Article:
Just like the guys of American Pickers (one of my favorite TV shows – catch it on the History Channel), on my days off, I’m going to auctions, flea markets, yard sales, and answering Craigslist postings looking for some sweet deals on comics and related material. You win some, you lose a lot.
A couple of weeks ago, I left the house at 5:30 in the morning to travel 2 hours to an auction somewhere on the outskirts of East Gebyp, PA. Reason: I saw pics of comics on a site that included Fantastic Four #4, #6-24, and #26 through #48 plus some other silver age books. Mapquest gave me the idea that the auction site was in the middle of nowhere, and I figured that maybe, just maybe, I would be one of the few people to catch these and, more importantly, know their value. The site also gave the impression that the auctioneers did not realize the potential, since the comics where just arranged on cafeteria trays with about a dozen issues per tray–not even bagged.
One problem with attending most auctions is that you do not know when they will get to the item(s) that interest you. Some will have signs posted when you arrive indicating an approximate time for certain categories. Not this one. So… I’m there for the 8:00am start and sit through sale after sale after sale of “stuff” going for as low as 50 cents. Naturally, they started at the opposite side of this large warehouse building to where the comics are sitting on a table; and I’m thinking, “At this rate, I’ll be here ’til late afternoon!” But after about two hours, the auctioneer announces that they plan on jumping to the comics in a few minutes. Sure glad I didn’t decide to run out to the car and sit there for a while–hard folding chairs, you know.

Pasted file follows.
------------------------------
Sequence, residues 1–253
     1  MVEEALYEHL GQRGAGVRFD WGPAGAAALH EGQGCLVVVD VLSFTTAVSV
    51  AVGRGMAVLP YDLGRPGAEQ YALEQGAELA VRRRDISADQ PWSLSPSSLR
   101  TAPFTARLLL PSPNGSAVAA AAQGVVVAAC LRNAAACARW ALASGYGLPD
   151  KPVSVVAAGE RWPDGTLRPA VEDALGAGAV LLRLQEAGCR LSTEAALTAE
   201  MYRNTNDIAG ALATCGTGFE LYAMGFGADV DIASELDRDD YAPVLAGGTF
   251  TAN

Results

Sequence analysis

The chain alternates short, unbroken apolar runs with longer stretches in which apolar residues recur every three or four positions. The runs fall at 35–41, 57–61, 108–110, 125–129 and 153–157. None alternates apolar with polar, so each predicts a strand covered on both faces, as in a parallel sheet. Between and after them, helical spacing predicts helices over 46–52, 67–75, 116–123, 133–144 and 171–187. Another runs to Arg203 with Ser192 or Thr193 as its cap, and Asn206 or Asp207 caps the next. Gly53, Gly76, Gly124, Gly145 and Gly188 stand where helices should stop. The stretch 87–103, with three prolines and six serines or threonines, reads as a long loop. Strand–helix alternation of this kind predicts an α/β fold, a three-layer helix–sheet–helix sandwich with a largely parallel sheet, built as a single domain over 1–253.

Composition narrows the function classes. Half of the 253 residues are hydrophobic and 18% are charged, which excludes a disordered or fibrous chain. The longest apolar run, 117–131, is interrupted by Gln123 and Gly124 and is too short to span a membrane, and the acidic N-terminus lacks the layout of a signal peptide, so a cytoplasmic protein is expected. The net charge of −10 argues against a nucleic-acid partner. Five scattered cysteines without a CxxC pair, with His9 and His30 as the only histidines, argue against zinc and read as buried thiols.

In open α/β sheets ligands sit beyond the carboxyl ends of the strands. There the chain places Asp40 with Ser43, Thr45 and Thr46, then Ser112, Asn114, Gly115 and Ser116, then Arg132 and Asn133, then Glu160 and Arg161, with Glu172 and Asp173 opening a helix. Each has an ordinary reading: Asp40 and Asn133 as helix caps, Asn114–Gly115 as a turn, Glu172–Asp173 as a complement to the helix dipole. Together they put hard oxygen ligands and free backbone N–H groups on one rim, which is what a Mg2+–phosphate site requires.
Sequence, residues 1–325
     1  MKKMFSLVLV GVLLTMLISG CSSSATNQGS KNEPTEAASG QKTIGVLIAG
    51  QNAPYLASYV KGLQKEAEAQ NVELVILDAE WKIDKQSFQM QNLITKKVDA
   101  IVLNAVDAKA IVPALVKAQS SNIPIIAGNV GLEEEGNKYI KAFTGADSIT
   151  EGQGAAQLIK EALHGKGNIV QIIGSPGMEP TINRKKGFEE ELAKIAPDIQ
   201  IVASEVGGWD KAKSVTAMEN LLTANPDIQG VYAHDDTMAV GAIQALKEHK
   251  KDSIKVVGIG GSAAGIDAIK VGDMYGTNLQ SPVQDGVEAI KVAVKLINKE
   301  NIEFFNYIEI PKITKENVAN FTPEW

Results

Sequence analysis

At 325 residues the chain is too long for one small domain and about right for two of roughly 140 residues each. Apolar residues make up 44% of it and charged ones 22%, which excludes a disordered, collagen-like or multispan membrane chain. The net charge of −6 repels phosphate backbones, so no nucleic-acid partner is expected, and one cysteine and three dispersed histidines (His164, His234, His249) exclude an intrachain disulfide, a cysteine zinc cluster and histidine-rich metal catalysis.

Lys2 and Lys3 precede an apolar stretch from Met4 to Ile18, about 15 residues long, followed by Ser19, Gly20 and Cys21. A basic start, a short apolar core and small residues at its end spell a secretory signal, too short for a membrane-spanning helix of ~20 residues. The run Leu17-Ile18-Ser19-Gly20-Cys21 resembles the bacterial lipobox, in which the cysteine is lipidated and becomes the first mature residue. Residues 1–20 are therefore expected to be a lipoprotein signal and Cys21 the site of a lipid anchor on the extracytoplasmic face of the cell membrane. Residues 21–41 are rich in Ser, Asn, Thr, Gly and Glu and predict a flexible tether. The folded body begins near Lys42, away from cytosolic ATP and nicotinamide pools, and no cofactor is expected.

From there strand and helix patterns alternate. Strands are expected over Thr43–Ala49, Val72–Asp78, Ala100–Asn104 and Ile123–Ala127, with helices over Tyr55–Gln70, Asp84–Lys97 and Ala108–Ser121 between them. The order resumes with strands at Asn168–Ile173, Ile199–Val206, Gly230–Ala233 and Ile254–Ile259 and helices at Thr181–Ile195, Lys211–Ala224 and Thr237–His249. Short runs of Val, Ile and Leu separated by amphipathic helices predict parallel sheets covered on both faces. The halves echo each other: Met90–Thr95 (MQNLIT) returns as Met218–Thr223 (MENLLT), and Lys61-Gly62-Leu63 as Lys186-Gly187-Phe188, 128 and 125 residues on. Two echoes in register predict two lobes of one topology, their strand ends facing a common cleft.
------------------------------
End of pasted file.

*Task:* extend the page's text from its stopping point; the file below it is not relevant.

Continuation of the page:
Here’s what happened: they brought up the first two trays of comics and high bidder would be able to take one or both. The first two were groups of about 15 cover-less comics each. Yours truly happened to actually check out the issues included and in there was a cover-less copy of Showcase #8–the second appearance of the Silver Age Flash, which guides at $18,500 in “NM”. I wish they hadn’t started with these lots since it seemed to set the tone. I won my choice of taking one or both, but the crowd saw a couple of idiots willing to pay a stupid amount for a small stack of cover-less comics. If that’s the case, what are the others worth?. Yes, I paid A LOT (broke triple digits easily, my friends) for that group and declined the other. Then the second tray sold for $15. The auctioneer then went back to selling something like a used blender and then back to two tray lots of comics. It alternated this way until all of the comic trays were gone. The auctioneer even bemoaned the fact that he had to sell the minor items when the comics were bringing so much. The FF‘s were spread out among the remaining trays and one lot that I had figured would be a decent buy at about $600 ending up going for $1300. Darn bidder # 224 and the other guy. I hope bidder # 224 was a collector, and if so, he got a reasonable deal, for he won most of the lots. But for a picker, as Frank says, “I gotta have some meat left on the bone.”